Top tips for Precision Agriculture

By: Andrew Hobbs, Photography by: Alex Makeyev

Presented by

South Australian grain farmer Mark Branson first adopted precision agriculture technologies in the late 1990s. Twenty years on, he’s got a few tips to share.

A New Holland CR7090 combine harvester working in South Australia
Farmer Mark Branson says precision agriculture saved him tens of thousands a year

Preparing for his presentation to the Global Forum for Innovations in Agriculture In Focus event held in Brisbane in late November, farmer Mark Branson went through the books to see what years of effort in precision agriculture added up to.

And it is no small figure. According to his calculations, precision agriculture saves Branson Farms $87.42 per hectare for additional expenses of $14.39/ha – an annual saving of $65,727 across the board, or $73.03/ha for the 900ha of farmed land on his 1,200ha property.

Speaking with Farms & Farm Machinery before the event, Branson said the extent of the savings was largely due to the fact that precision agriculture was heavily integrated into his farming practice.

"I am probably the only one who is doing it in a big way like this, but I do have neighbours that do parts of it, like control traffic, the phosphorous variable rate and others," he says.

"So this is a profit I am getting, over someone who hasn’t taken on any of that technology."

Mapping your future

Aside from a flock of fine wool Merinos, Branson and his family focus mainly on growing durum and bread wheat and malting barley, as well as canola, faba beans, field peas and lentils on their property outside Stockport in South Australia.

A fifth-generation farmer, Branson himself has long been an early adopter of precision agriculture technologies – investing in yield monitors in 1997, one year after they first arrived in Australia.

The first move, he said, was to create management zones and land classes through using soil mapping – isolating the segments of highly erodible soils on the property by redirecting the fencing to put them in separate paddocks.

"Back in those years, after doing the analysis on the fencing changes, I was able to gain $10,000 a year by re-fencing the farm," he says.

South Australian farmer Mark Branson
Mark says that to get the most out of precision technology, you first need to know what you would use it for

But the savings didn’t come easily, Branson says. While the early yield maps did reveal variations in soil quality, it was a while before he figured out what to do with the information.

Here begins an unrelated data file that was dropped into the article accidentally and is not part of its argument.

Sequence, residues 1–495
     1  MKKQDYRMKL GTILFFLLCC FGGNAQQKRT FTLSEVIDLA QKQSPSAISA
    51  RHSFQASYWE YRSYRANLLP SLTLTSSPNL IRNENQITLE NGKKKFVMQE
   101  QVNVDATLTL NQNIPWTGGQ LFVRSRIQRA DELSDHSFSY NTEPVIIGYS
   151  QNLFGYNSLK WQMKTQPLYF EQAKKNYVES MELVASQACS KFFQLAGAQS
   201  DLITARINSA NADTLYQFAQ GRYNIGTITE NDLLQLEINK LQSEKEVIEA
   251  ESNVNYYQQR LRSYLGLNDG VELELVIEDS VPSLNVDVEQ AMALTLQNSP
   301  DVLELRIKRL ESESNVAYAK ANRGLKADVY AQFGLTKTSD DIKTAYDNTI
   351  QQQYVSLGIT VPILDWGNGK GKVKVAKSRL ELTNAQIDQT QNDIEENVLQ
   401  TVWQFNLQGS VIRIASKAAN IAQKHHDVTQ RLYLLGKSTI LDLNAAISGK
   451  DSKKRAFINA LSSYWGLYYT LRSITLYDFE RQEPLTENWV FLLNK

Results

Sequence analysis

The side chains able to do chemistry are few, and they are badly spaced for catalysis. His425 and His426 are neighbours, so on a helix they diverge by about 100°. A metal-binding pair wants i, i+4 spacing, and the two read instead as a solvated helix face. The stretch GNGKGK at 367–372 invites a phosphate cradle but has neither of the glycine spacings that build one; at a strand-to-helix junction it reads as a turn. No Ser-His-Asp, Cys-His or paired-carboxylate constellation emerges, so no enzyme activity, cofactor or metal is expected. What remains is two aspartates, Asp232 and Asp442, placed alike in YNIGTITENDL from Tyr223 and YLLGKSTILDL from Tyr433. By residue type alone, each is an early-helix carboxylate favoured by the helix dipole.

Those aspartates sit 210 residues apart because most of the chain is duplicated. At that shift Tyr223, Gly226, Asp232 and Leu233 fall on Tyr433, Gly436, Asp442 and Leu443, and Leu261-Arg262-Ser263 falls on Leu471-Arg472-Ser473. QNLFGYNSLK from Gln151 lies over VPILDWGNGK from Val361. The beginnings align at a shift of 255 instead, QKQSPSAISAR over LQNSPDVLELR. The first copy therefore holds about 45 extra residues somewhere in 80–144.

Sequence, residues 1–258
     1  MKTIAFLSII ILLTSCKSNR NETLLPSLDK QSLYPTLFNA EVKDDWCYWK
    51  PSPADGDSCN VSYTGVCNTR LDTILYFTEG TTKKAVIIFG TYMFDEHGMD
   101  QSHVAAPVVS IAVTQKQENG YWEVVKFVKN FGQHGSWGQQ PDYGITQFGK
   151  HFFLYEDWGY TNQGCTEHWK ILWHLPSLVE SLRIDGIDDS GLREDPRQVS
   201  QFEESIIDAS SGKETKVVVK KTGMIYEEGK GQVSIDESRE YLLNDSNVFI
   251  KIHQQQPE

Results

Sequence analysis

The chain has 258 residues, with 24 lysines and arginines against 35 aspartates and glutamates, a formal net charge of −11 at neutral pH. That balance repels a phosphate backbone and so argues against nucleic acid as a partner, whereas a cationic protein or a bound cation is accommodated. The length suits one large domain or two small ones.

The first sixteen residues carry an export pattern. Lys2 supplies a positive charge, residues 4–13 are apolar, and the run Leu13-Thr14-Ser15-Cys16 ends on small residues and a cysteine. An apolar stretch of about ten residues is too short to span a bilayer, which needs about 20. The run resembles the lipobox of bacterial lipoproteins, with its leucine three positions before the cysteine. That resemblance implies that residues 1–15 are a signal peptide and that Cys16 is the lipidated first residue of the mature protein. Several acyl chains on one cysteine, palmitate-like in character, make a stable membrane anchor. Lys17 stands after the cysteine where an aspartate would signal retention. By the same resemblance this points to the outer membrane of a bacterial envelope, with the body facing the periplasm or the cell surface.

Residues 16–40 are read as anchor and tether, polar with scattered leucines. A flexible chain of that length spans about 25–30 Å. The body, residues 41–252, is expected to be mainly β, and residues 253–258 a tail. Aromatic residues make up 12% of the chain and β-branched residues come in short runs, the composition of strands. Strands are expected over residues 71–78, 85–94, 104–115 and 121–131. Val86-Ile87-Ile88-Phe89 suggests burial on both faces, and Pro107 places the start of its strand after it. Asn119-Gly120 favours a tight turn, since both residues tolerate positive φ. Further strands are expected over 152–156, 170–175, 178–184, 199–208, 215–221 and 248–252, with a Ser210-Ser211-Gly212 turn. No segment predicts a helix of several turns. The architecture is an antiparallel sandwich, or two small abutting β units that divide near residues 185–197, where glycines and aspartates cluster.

"It was good in 1997 to see the variation and whatever else, but so what? You have a pretty coloured map that didn’t do anything," he says.

"It wasn’t until I found a use for the yield maps that I twigged that you need to have a use for the technology first – before you buy the technology."

Today, Branson himself handles much of his property’s yield mapping needs, combining them with local knowledge – such as noticeable differences in soil colour – to identify Sodic soil patches where gypsum is needed.

"I also use a third party to pH map my paddocks using an On-The-Go Verris pH sampling machine, which, when connected to a GPS, creates information ready to map," he says.

This pH data is then inserted into maps developed by mapping software package SMS Advanced, allowing him to identify exactly where certain nutrients are needed and in what quantities – enabling him to treat them accordingly.

Branson says the SMS Advanced package does not need fast NBN to work, with the maps able to be connected to the farm machinery via USB.

However, the family’s access to NBN fixed wireless services has made it possible for Branson to use a Phantom 4 Drone and the Drone Deploy system to identify weed patches on the property.

The software system takes individual photos across the paddock and puts them together into a map, showing where weed patches are on the property using high resolution maps that Branson says requires access to high-speed internet.

"That might be the next step in precision agriculture, in doing this kind of thing and using the Cloud to do it… it needs fast speeds and a lot of data," he says.

"But other than the drones I don’t need it."

Using the previous year’s yield maps, Branson can find where phosphorus lost through harvested grain needs to be replaced, while a mix of historical knowledge and in-season biomass sensors shows where nitrogen is needed.